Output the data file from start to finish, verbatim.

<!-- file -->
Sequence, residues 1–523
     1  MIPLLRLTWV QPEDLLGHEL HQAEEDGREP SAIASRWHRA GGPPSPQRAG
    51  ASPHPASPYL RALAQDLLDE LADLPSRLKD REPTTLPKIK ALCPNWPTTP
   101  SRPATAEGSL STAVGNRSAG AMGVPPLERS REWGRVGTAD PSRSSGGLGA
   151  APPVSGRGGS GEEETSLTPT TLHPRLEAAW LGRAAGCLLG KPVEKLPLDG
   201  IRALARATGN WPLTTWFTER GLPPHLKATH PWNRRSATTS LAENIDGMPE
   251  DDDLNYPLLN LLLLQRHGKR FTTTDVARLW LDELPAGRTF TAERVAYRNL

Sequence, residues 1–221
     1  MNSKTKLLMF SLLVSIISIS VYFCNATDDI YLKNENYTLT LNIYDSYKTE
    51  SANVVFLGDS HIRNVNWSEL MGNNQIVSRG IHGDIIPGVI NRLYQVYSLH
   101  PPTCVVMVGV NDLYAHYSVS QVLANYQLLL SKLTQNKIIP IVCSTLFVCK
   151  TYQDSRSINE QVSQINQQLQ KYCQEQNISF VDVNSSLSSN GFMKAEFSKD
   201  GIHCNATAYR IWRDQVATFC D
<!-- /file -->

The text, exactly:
Sequence, residues 1–523
     1  MIPLLRLTWV QPEDLLGHEL HQAEEDGREP SAIASRWHRA GGPPSPQRAG
    51  ASPHPASPYL RALAQDLLDE LADLPSRLKD REPTTLPKIK ALCPNWPTTP
   101  SRPATAEGSL STAVGNRSAG AMGVPPLERS REWGRVGTAD PSRSSGGLGA
   151  APPVSGRGGS GEEETSLTPT TLHPRLEAAW LGRAAGCLLG KPVEKLPLDG
   201  IRALARATGN WPLTTWFTER GLPPHLKATH PWNRRSATTS LAENIDGMPE
   251  DDDLNYPLLN LLLLQRHGKR FTTTDVARLW LDELPAGRTF TAERVAYRNL

Sequence, residues 1–221
     1  MNSKTKLLMF SLLVSIISIS VYFCNATDDI YLKNENYTLT LNIYDSYKTE
    51  SANVVFLGDS HIRNVNWSEL MGNNQIVSRG IHGDIIPGVI NRLYQVYSLH
   101  PPTCVVMVGV NDLYAHYSVS QVLANYQLLL SKLTQNKIIP IVCSTLFVCK
   151  TYQDSRSINE QVSQINQQLQ KYCQEQNISF VDVNSSLSSN GFMKAEFSKD
   201  GIHCNATAYR IWRDQVATFC D